Aussies save millions from cheaper medicines policy

More than 1.6 million discounted prescriptions were filled in January after the maximum co-payment for the Pharmaceutical Benefits Scheme was discounted. 

The gap reduction from $42.50 to $30 means a person on a single medication a month could save up to $150 a year. 

The health department data also shows 1.3 million of the filed scripts took full advantage of the $12.50 discount, with total savings amounting to $18 million.

If the January trend continues, Australians would save $218 million in 2023.

Health Minister Mark Butler said on Sunday the discounts were life saving.

“Cheaper medicine is not just putting money back into patients’ pockets, it’s also good for Australia’s health,” he said.

Opposition health spokeswoman Anne Ruston said any measure that reduced the cost of medicines would be welcomed by the coalition but accused the government of failing to act on cost of living pressures.

“It’s incredibly disingenuous of the government to be out spruiking this reduction when it is a drop in the ocean compared to the significant cost of living pressures households are currently facing, which they don’t have a plan to address,” she said.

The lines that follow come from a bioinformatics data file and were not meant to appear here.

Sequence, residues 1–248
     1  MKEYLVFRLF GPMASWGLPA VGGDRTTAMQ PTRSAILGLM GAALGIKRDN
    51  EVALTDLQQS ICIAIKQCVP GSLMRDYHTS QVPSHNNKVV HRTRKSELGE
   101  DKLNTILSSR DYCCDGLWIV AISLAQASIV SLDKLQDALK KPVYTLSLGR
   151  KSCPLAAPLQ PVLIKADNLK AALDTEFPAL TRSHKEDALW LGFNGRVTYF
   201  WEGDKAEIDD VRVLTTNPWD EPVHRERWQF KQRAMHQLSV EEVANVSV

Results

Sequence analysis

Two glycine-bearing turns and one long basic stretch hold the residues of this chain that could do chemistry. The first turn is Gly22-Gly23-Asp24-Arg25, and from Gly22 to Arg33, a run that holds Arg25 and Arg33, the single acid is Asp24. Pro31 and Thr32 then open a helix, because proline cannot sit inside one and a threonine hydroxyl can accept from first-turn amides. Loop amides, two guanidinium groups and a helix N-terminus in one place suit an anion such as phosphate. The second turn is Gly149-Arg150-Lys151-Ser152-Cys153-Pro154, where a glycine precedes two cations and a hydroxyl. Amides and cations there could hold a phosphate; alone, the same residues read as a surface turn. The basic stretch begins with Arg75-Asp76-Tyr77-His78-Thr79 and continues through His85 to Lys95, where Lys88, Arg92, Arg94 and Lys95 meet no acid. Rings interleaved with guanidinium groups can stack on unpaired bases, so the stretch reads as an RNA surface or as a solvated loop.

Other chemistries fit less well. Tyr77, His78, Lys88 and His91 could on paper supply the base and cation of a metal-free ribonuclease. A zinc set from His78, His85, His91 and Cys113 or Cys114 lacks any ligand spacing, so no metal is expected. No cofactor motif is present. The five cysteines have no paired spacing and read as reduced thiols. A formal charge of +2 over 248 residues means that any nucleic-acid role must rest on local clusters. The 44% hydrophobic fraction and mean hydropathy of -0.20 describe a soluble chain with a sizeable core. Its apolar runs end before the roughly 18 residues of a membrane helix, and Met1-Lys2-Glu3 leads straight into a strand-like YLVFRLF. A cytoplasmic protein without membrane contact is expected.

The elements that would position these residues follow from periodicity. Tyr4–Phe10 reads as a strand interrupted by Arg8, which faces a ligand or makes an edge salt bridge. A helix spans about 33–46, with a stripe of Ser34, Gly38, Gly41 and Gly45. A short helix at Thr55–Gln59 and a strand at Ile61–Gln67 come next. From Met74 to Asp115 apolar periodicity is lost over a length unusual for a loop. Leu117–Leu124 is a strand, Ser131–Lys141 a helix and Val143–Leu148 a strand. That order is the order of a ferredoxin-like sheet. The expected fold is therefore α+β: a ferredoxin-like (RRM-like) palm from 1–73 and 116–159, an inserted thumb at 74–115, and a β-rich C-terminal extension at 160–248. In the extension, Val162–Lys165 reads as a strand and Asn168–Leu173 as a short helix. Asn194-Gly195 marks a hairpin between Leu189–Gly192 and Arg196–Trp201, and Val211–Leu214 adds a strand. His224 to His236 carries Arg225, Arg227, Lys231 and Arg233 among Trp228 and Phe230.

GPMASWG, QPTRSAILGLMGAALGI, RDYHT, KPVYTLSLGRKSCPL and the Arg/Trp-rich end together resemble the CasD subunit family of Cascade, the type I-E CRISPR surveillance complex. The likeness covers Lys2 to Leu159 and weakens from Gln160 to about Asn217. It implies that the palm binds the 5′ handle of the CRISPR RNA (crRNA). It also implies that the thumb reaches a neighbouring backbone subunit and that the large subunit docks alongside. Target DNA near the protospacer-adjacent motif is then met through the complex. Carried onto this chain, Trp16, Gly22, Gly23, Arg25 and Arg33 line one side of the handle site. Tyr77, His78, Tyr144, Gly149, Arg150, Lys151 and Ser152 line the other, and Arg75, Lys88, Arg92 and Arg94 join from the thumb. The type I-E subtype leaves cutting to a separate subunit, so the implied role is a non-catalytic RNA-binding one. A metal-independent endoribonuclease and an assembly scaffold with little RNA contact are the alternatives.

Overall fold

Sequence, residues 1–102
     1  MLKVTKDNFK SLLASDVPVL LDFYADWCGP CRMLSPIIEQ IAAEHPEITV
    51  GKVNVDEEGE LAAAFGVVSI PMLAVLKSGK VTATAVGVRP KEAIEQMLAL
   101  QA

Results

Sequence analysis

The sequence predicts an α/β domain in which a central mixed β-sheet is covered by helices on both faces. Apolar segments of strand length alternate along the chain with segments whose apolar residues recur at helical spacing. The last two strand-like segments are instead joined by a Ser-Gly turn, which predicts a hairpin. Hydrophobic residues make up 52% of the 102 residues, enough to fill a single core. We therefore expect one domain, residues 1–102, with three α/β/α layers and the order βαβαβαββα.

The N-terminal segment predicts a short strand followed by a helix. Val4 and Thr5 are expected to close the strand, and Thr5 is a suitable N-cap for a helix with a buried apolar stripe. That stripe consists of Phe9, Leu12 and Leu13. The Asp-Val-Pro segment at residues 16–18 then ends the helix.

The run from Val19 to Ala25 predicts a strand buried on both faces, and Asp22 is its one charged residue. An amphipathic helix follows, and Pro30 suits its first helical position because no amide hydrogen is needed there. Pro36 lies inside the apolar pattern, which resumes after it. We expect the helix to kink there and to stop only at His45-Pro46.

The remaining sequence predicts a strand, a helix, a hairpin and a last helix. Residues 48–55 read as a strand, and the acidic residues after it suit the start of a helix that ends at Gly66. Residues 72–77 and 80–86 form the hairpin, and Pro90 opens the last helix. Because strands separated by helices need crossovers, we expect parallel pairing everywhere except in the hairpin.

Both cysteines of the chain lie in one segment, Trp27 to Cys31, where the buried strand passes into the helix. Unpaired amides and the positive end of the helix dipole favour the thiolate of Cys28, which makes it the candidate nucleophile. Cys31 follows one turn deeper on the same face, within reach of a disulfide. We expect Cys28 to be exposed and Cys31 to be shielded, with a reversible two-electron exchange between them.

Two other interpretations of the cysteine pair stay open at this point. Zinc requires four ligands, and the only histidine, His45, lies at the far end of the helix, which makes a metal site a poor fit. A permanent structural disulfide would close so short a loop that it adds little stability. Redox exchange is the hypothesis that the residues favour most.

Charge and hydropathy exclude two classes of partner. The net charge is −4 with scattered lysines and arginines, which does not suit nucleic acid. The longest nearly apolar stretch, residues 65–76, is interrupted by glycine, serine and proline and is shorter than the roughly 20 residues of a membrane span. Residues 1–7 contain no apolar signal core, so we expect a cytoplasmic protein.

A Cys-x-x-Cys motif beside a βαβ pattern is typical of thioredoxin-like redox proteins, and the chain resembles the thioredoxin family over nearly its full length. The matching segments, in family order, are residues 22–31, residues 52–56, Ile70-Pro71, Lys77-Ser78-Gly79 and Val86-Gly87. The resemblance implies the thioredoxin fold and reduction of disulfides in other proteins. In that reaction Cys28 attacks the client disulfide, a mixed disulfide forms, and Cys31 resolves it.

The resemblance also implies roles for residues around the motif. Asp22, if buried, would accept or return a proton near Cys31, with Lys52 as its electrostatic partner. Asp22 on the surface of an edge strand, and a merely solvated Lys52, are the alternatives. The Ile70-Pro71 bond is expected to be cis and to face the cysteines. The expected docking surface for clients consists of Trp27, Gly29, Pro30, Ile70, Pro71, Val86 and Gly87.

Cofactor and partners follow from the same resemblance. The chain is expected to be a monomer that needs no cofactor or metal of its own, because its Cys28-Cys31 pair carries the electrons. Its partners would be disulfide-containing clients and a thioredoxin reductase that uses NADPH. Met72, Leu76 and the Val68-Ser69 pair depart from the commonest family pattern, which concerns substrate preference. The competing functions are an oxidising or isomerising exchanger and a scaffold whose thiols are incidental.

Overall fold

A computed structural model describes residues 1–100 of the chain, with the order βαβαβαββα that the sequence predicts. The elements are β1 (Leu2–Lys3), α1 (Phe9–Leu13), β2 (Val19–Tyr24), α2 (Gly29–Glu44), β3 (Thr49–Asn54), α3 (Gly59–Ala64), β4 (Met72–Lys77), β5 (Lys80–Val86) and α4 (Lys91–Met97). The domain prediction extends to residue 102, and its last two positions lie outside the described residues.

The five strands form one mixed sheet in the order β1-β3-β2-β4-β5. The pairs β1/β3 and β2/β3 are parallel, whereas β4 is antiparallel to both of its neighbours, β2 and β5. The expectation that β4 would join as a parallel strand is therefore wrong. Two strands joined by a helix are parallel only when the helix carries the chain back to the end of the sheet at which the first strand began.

“Under this Labor government, the cost of living is skyrocketing but we have not seen any action to tackle these significant pressures.”

Mr Butler will meet with his state and territory counterparts this week and discuss expanding the role pharmacists play in the community. 

He flagged working towards giving pharmacists the opportunity to prescribe more medicines to ease pressure on GPs and other areas of the health sector, but noted granting more legal rights to prescribe medicines is a state decision.

“Over the last few years, the community has been reminded that in many cases, the pharmacy was the most accessible health care professional, right through the worst phases of this pandemic,” he said.

“This is a constant topic of discussion for all of us because we know how constrained the health workforce is right now at a time of skyrocketing demand.”

Mr Butler said the NSW government had reached out to the prime minister and himself about its proposal to allow pharmacists greater powers to dispense the contraceptive pill and treatment for urinary tract infections.

“We look forward to continuing to discuss with all states any opportunity to expand the work that’s been delivered by our hardworking healthcare professionals, including pharmacists,” he said. 


- Advertisement -